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Digital Health: How Technologies Are Changing Treatment and Care

Innovative digital health solutions are bringing about fundamental changes, so that, in just a few years, treatment and care could look completely different than they do today. Health technologies in particular are leading to major growth opportunities. 

All over the world, healthcare costs are rising steeply. This is not only due to society's increasing prosperity and average age. We are also spending more because health has moved up individuals' lists of priorities. Digital health, also known as eHealth, is playing a crucial role in the pursuit of more successful treatments for patients and cost optimization.

Digital Health Solutions Offer Many Treatment Options

The current situation is good. First, it is a pivotal time for drug and therapy development. Novel forms of therapy allow diseases to be treated in a more targeted manner with fewer side effects.

Second, digital technology has become a pervasive element throughout the healthcare system and is having a major impact on diagnosis, monitoring and treatment. At the same time, societies are going through seismic shifts with regard to their age composition.

As societies grow older, their healthcare needs and expenditure increase significantly. Taken together, these three fundamental trends make for a compelling industry growth case.

Care Using Digital Technologies Is the Way Forward

The emergence of health apps, health management portals, and wearable sensors to measure things like blood pressure is reshaping the current standard of care. With these new tools at their disposal, people are increasingly assuming responsibility for their health, well-being and disease management.

Innovative digital health solutions are also being developed in order to achieve improved treatment outcomes. Here, a sensor-based solution that dramatically improves patients' quality of life stands out. Thanks to a small wearable sensor connected to a smart device, diabetes patients can monitor their blood sugar levels continuously, day and night.

The key benefit for patients is that it allows them to identify potentially dangerous episodes early and take immediate action. Alongside the significant savings potential it offers due to reduced emergency room visits, this technology is – most importantly – already reported to have saved lives.

Digital Healthcare Is Particularly Effective in Remote Monitoring

Of the numerous digital health products, telemonitoring seems to offer the greatest added value because it is of special benefit in caring for chronically sick patients, whose treatment puts a major strain on health insurers.

For example, in a pilot project conducted by Vivify Health with patients suffering from cardiac insufficiency, the use of telemonitoring enabled the number of monthly inpatient stays per patient to be reduced from over three to less than 0.4. In addition, expensive emergency room visits fell by as much as 70%.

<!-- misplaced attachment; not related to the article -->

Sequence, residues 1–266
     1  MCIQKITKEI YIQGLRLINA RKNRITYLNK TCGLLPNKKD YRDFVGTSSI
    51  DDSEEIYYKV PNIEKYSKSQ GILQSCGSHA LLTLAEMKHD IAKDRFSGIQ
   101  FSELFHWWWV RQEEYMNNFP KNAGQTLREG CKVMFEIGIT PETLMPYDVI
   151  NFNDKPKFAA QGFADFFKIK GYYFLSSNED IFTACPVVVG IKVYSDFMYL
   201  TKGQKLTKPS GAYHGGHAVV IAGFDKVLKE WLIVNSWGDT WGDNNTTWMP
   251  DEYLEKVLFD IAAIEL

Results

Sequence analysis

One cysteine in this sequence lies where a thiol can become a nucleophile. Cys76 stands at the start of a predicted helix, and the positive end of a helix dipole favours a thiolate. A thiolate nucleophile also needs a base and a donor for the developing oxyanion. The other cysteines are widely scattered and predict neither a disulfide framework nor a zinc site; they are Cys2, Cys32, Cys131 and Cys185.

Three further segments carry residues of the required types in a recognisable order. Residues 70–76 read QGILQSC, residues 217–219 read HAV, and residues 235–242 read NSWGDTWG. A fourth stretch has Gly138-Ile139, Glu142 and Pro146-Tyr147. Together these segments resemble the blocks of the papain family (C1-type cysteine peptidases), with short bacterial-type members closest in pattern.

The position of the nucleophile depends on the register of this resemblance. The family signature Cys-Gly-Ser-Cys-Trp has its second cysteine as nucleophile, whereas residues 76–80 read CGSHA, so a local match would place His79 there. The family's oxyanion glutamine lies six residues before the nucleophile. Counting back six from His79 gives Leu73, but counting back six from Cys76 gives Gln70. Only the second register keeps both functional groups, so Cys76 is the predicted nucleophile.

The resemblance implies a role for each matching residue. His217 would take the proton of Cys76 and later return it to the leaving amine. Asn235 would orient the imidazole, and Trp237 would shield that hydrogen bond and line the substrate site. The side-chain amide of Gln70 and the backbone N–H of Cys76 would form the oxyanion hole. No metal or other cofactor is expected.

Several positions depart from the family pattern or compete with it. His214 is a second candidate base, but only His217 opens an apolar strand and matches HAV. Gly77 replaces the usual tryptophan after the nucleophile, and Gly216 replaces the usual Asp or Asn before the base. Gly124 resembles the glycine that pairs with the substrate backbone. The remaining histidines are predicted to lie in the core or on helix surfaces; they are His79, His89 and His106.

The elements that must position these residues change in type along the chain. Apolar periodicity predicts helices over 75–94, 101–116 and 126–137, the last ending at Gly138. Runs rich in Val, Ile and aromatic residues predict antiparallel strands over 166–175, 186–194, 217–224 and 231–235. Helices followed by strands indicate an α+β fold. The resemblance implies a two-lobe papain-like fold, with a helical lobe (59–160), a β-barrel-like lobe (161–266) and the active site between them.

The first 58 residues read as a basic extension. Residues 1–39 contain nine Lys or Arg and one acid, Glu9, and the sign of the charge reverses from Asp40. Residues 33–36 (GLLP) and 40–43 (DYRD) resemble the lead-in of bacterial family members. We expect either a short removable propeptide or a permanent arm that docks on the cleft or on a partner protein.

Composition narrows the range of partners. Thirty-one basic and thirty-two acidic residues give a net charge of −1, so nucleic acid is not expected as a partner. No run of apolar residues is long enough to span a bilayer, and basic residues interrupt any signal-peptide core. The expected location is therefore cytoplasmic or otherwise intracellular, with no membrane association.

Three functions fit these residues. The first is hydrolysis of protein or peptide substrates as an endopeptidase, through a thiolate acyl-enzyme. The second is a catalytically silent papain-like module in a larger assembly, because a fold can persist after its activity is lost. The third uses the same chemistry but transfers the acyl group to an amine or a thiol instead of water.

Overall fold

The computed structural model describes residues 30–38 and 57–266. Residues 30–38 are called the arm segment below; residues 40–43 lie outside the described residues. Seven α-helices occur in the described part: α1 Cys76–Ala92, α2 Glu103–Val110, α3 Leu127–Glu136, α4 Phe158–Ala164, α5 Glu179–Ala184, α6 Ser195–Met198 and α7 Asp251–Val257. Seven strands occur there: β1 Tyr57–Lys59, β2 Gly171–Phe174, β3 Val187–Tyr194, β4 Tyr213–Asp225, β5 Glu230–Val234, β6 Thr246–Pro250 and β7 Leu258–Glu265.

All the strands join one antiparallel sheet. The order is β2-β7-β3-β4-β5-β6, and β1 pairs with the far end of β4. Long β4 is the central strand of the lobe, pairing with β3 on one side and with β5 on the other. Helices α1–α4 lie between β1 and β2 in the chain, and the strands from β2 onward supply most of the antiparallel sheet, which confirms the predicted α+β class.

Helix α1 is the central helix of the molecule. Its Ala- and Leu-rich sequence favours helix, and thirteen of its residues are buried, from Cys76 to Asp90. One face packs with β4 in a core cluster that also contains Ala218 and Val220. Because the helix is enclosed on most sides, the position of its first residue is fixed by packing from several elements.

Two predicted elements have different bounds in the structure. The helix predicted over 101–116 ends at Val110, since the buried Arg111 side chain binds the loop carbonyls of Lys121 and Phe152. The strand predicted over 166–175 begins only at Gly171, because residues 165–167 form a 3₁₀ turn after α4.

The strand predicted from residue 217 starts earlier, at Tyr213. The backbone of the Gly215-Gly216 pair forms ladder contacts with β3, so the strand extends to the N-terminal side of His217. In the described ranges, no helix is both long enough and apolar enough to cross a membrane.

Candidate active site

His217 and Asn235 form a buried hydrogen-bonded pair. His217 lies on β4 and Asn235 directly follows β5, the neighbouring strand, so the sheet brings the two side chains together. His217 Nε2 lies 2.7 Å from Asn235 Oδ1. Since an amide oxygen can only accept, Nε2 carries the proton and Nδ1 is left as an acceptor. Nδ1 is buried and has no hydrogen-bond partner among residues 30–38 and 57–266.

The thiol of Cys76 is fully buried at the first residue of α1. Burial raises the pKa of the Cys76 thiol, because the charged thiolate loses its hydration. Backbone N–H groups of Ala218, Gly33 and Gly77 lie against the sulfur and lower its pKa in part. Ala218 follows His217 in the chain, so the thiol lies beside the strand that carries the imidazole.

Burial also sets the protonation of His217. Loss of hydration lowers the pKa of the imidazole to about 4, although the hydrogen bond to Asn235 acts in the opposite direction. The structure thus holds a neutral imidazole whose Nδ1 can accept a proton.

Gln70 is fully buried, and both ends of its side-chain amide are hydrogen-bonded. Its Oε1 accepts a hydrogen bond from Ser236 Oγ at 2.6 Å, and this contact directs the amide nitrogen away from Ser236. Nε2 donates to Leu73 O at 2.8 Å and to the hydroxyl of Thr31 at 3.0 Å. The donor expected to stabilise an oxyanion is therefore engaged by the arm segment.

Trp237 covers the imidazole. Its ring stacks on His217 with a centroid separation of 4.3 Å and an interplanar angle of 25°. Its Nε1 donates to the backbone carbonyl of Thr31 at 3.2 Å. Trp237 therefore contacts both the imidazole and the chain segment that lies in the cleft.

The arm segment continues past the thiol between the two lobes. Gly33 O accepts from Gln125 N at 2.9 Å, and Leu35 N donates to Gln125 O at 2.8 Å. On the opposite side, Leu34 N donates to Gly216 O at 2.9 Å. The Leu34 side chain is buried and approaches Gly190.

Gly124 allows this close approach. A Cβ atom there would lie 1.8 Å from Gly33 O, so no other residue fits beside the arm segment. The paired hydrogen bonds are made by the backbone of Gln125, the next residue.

Patients Improve Quality of Life through eHealth

Compared to traditional treatments, digital health solutions thus lead to a significant decline in dangerous situations. At the same time, they noticeably improve patients' quality of life.

In principle, therefore, all the elements in the healthcare value chain gain from digital health solutions – patients, doctors, nursing staff, hospitals, and insurance companies. However, digital health solutions should be used as part of simultaneous treatment and following consultation with a doctor.  

Demographic Changes Stimulating Demand

Currently, there are slightly more than 900 million people worldwide aged 65 and over, a four-fold increase compared to 1960. Going forward, the United Nations expects the addition of more than one billion senior citizens by 2050.

Many chronic illnesses such as arthritis, heart disease, and Alzheimer's increase with age. It is therefore clear that an increase in the proportion of elderly people will be accompanied by a disproportionately sharp rise in demand for healthcare services.

For example, the Swiss Federal Statistical Office estimates that the average annual healthcare expenditure for a person aged 86 or over is close to CHF 48,000. This is three times as much as the average of CHF 16,000 for a person in the 66–85 age bracket.

Total healthcare spending per capita

Healthcare spending in Switzerland per capita and age band 

in CHF (2014) Source: Swiss Federal Statistical Office, Credit Suisse

Positive Outlook for Healthcare Technologies despite Price Pressure

It is likely that political pressure on drug prices and regulatory requirements will continue, but little will dampen the sector's growth prospects. This is because the far-reaching trends will inevitably continue to drive up demand for health care solutions and services. At single stock level, however, selectivity is key as healthcare companies will need to demonstrate genuine innovation to retain pricing power and be successful in the long run.

The transformation of the healthcare sector with eHealth offers interesting opportunities for investors. However, the biggest winners remain the patients, or those who – thanks to health innovation – avoid becoming patients in the first place.